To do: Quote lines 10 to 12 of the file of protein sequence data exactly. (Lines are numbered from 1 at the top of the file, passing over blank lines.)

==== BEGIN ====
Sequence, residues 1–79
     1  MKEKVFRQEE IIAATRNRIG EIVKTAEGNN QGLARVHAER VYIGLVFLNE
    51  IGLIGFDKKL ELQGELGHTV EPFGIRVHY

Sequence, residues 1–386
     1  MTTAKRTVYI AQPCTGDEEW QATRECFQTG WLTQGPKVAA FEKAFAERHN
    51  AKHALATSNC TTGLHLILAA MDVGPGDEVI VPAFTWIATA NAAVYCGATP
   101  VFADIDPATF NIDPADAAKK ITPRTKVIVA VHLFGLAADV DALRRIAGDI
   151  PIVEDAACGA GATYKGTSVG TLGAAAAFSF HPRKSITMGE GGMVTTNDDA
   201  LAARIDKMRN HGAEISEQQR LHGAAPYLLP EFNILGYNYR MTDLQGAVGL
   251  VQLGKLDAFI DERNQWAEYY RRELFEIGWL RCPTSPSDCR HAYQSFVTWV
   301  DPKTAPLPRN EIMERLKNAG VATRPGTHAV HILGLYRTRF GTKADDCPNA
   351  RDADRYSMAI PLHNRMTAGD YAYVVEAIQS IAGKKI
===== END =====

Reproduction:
   251  VQLGKLDAFI DERNQWAEYY RRELFEIGWL RCPTSPSDCR HAYQSFVTWV
   301  DPKTAPLPRN EIMERLKNAG VATRPGTHAV HILGLYRTRF GTKADDCPNA
   351  RDADRYSMAI PLHNRMTAGD YAYVVEAIQS IAGKKI